Identifi Yourself: A Journey in F**K You Creative Content
Identifi Yourself is a humorous and poetic journey to empower and inspire the reader to find their creative strengths.
Please check out and support Nathaniel Russel's Work
Vintage Lounge Act Images Found Here
Vintage Ads Found Below...
Empire Roller Disco: Photographs by Patrick D. Pagnano Out Now!Brooklyn's Empire Rollerdome opened its doors in 1941 and soon became the borough's premier destination for recreational and competitive roller skating. But it wasn't until the late 1970s that the celebrated rink reached iconic status by replacing its organist with a live DJ, installing a state of the art sound and light system, and renaming itself after the nationwide dance craze it had helped to originate: the Empire Roller Disco was born. In 1980, the acclaimed street photographer Patrick D. Pagnano went on assignment to document the Empire and its legendary cast of partygoers. The resulting photographs, gathered in Empire Roller Disco for the first time, capture the vibrant spirits, extraordinary styles, and sheer joys of Brooklyn roller disco at its dizzying peak.
NEW JAMEL SHABAZZ'S ALBUMS BOOK OUT NOW!
The influential New York photographer Jamel Shabazz has created portraits of the city’s communities for over 40 years. Born and raised in Brooklyn, Shabazz began photographing people he encountered on New York streets in the late 1970s, creating an archive of cultural shifts and struggles across the city. His portraits underscore the street as a space for self-presentation, whether through fashion or pose. In every instance Shabazz aims, in his words, to represent individuals and communities with “honor and dignity.” This book—awarded the Gordon Parks Foundation / Steidl Book Prize—presents, for the first time, Shabazz’s work from the 1970s to ’90s as it exists in his archive: small prints thematically grouped and sequenced in traditional family photo albums that function as portable portfolios. Shabazz began making portraits in the mid-1970s in Brooklyn, Queens, the West Village and Harlem. His camera was also at his side while working as an officer at Rikers Island in the 1980s, where he took portraits of inmates that he later shared with their friends and families. Shabazz had his rolls of color film processed at a one-hour photo shop that provided two copies of each print: he typically gave one to his sitters, and the second he organized into changing albums to be shown to future subjects. This book features selections from over a dozen albums, many never-before-seen, and includes his earliest photographs as well as images taken inside Rikers Island, all accompanied by essays that situate Shabazz’s work within the broader history of photography.
2022 Recipient of The Gordon Parks Foundation / Steidl Book Prize
Co-published with The Gordon Parks Foundation
New Episode out!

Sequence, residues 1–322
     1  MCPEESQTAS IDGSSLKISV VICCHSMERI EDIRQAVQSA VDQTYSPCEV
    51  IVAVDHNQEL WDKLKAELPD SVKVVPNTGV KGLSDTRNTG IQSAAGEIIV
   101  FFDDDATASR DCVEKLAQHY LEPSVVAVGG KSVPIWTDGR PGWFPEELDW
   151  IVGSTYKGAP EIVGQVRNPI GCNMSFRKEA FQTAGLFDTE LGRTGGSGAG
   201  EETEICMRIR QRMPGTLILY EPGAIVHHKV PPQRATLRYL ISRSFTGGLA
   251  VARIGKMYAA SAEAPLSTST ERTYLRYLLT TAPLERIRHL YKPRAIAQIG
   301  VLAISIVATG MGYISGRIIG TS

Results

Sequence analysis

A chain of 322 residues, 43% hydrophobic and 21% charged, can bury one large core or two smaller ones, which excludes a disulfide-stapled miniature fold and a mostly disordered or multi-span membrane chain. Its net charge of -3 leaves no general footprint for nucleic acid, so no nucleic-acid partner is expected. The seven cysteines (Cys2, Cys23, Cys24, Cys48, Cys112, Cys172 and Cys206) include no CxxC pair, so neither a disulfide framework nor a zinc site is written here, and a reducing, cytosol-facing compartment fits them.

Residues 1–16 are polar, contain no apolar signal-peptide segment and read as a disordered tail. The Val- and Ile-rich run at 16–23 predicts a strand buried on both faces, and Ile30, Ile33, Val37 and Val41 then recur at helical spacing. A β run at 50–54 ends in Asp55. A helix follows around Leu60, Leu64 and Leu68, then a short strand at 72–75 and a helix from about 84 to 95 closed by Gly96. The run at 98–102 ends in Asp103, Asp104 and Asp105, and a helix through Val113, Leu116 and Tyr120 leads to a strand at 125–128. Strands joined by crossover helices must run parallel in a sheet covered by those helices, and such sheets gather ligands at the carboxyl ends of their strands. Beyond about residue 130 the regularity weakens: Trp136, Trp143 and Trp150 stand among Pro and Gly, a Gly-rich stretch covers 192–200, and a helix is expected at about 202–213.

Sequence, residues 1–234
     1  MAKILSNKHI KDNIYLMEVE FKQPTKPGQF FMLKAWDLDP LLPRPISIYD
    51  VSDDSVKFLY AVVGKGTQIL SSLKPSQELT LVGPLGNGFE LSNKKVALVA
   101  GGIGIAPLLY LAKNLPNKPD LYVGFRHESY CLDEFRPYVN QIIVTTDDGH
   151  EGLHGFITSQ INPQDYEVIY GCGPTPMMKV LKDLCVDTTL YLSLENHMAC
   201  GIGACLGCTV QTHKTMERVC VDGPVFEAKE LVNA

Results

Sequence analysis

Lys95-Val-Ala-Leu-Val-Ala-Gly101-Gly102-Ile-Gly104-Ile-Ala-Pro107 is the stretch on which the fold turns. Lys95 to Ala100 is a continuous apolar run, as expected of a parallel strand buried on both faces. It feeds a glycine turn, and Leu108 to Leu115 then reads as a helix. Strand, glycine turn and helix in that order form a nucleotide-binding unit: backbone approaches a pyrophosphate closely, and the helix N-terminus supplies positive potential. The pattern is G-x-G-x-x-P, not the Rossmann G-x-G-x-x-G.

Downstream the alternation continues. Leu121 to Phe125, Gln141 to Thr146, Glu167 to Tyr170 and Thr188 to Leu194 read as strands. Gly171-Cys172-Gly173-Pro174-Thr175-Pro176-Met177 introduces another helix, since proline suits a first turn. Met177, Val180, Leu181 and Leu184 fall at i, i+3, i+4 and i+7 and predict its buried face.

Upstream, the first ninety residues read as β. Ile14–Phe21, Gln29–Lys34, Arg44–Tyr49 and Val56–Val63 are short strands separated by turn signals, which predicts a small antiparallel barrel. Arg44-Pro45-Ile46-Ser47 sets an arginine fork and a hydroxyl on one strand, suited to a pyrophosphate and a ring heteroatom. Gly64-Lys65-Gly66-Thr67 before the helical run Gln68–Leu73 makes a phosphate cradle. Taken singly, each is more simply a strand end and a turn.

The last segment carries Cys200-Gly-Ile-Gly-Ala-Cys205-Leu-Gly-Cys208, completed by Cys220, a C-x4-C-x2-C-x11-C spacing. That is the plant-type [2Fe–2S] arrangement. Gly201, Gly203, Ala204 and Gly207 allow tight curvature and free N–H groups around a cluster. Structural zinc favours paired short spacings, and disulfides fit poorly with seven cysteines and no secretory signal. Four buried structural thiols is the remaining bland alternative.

I had seen John over the years on TV and film and always enjoyed his work. I used to be a one on one worker with kids and teens with disabilities which drew me to to his work on “Speechless” which I found comically and authentically true to life. I enjoyed all of the actors but John’s performance felt very true to himself. I identify as an intuitive (like a poorer lazier more Jewish Rick Rubin) and can always get a sense of actors being true to them selves in certain roles. I met John through the Vintage Instagram that this podcast is named after and asked him to interview him.
In order to prepare I listened to his memoir via Audible “No Job For A Man” and was blown away by his humor, insight, passion, authenticity, pop culture knowledge, his love and knowledge of Broadway Musicals, and his love and knowledge of Punk Music. This was exciting for me because most men of my generation can’t hold any conversations covering both Punk, and Broadway, yet alone can also bring Ronnie James Dio and Iron Maiden into that conversation and still make sense of it. I am also a year apart from John and just saw some interesting parallels in my own life. Let’s just say I was really moved by the memoir.
To summarize I’d say it’s really hard not to like John Ross Bowie. He is just a humble, intelligent, and passionate person. He has spent much of his life pursuing this own loves and dreams. He has written two books. The other being a Deep Focus (name of the series) on the film “Heathers”. He has also written and produced a play “Four Chords and a Gun” which is an intense black comedy about The Ramones during a Drama filled 1979 recording session that led to the album “End of The Century” produced by Phil Spector.
This episode falls more into the category of a great conversation that explores topics such as why no-one gets to hate on the musical Annie, Documentary Now and the Co-op episode, his show “Speechless” and why that show was one his best acting experiences, his punk band “Egghead”, and lastly the Philadelphia Band “The Dead Milkmen“ of which John is such a super fan. That knowledge lead me to invite him as a co-host to interview the band with me. I ironically I had already planned to interview them right after his interview so it just made sense. That episode will come out in about three weeks and John killed it! Please enjoy getting to know John Ross Bowie. You will be glad you did. I want to personally thank John as he went above and beyond to help create this special episode.